Update: NY Times—How Mindfulness Can Jump-Start Our Exercise Routines
Several years ago, I started down a path of mindful living in an effort to improve my own quality of life.
Having struggled with weight, depression, lack of energy and apathy, I knew I needed to make some changes and find appropriate tools that work for me.
I have developed a repertoire of knowledge and strategies for practicing good self-care: how much to exercise, what foods to eat, when to meditate, practice yoga, etc.
The deeper I delve into mindful awareness, the more I come to understand how my individual choices impact everything around me. For me, being mindful isn’t only about being more present to physical reality in each moment, improving enjoyment and quality of life; it is about making choices and taking action in a way that promotes the quality of life for every organism on the planet.
Mindfulness has made me infinitely more aware of the connectedness of everything alive—we are all made of the same components (you know, stardust, DNA, carbon, atoms, etc), and we all rely on one another for life.
A major tool for understanding my role on the planet has been interacting with food mindfully. For every meal I have sat down to and considered mindfully, I have more fully understood the connection between my actions and the environment around me. Beyond awareness of sensation (guide to mindful eating), my mindful eating practice includes a consideration and honoring of the steps it has taken for my food to arrive to the plate in front of me.
I sit down to a meal, typically one I have prepared myself, and without any distractions, I take it all in. The colors, the aromas, the temperature. Before I take my first bites, I stop and consider every element of what has gone into this meal. Where did the produce come from? Did the harvesters get paid enough for their labor? How many hands did the spices pass through to wind up here on my plate? How many miles did the meat travel and how were the animals treated?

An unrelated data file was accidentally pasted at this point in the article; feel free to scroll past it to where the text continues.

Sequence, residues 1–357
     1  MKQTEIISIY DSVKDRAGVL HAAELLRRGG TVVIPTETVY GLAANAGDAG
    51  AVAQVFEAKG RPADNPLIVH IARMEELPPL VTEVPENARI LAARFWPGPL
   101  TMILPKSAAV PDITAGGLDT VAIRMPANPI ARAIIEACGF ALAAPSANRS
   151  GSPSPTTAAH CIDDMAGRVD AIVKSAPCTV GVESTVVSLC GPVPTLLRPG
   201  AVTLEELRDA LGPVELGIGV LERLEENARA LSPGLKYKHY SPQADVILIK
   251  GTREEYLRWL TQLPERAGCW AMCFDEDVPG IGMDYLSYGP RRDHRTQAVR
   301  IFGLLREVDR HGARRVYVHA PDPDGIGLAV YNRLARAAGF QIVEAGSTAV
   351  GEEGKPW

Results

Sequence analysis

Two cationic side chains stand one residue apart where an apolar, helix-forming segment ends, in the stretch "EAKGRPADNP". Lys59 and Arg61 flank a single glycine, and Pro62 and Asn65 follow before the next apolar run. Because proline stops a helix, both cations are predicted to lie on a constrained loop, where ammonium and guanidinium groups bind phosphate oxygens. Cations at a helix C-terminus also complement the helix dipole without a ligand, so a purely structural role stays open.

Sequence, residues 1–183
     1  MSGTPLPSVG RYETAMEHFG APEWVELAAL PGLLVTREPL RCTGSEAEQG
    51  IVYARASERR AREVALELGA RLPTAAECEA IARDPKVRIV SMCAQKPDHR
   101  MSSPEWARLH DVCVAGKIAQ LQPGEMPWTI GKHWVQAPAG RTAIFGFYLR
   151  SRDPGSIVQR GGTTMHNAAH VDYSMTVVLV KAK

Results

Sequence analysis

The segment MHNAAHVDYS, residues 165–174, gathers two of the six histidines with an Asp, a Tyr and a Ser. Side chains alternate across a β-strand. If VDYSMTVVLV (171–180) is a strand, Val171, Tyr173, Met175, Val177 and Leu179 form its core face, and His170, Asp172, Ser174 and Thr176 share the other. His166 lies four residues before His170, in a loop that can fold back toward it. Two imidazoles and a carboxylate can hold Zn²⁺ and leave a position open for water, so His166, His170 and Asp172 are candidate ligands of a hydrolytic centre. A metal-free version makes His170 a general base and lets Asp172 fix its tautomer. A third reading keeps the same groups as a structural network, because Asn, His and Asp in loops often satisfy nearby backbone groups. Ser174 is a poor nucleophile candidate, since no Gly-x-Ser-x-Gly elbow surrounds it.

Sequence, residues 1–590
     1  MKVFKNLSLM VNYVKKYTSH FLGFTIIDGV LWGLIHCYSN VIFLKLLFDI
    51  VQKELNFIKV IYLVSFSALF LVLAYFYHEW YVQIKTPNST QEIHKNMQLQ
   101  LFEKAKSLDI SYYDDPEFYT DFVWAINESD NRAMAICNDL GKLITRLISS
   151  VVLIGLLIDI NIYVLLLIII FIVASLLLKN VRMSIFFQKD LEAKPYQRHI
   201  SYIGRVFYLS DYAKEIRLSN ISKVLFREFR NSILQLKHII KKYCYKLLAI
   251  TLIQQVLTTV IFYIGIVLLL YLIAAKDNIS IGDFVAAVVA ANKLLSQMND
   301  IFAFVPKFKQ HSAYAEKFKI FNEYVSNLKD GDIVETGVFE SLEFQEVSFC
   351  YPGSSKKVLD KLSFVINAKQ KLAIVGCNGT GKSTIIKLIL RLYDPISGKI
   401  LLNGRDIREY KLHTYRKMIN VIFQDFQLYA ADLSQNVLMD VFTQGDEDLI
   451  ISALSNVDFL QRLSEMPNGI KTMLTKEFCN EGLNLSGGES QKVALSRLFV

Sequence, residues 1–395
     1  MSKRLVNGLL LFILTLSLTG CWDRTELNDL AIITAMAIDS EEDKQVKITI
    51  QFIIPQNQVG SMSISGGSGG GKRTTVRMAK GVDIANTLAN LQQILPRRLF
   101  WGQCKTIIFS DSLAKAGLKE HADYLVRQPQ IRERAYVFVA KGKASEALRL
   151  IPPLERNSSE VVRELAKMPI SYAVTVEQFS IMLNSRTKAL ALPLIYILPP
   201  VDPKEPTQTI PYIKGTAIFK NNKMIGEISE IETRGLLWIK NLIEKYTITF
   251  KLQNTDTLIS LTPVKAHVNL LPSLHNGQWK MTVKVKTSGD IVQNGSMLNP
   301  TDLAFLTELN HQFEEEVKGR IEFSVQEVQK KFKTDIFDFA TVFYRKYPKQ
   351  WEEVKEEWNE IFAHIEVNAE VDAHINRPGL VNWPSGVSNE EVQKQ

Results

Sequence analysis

It seems the less sustainable the sources of my food, the more time I have to spend on this step, the more I have to think about the terrible conditions of factory farmed animal products or the myriad evils of big agriculture, the less appetizing they seem. The more miles my ingredients have traveled, the more oil spills I have to picture destroying lives and the environment.
Conversely, when I sit down to a meal that I have grown the components of in my own garden, or that I have bought from local farmers that I know and respect, the more nourishing and delicious my meal seems (and is!). I know I can feel good about produce and meat that were treated with reverence for the planet and people involved in their production. Eating with this awareness enhances my feelings of connectedness in so many ways, and makes me all the more able to make responsible and practical decisions in doing my part to influence the modern food system in positive ways.
Some basic guidelines I use to make decisions about food are buying local, organic, seasonal produce; buying local, sustainably and humanely raised meat. I shop at the local farmer’s market and farm store, and I grow and preserve my own foods. Adopting these basic principles can have a huge impact on greenhouse gas emissions, local economy, and the sustainability of agriculture in general. Beyond that, making food choices that decrease the use of pesticides and promote fair and just treatment of workers improves health and well-being for the people and environment involved in food production.
So, here’s a challenge: the next meal you prepare, sit and deeply consider how it came to be in front of you. How many lives were affected in the production of your meal? Consider every facet you can think of, and pay attention to how this awareness influences your enjoyment of the meal. From there, eat a locally, organically, seasonally sourced meal and see if this feels different. Every meal has an impact on our system, how can you make mindful decisions to impact it in healthy, positive ways?
Author: Leah Van Winkle
Editor: Travis May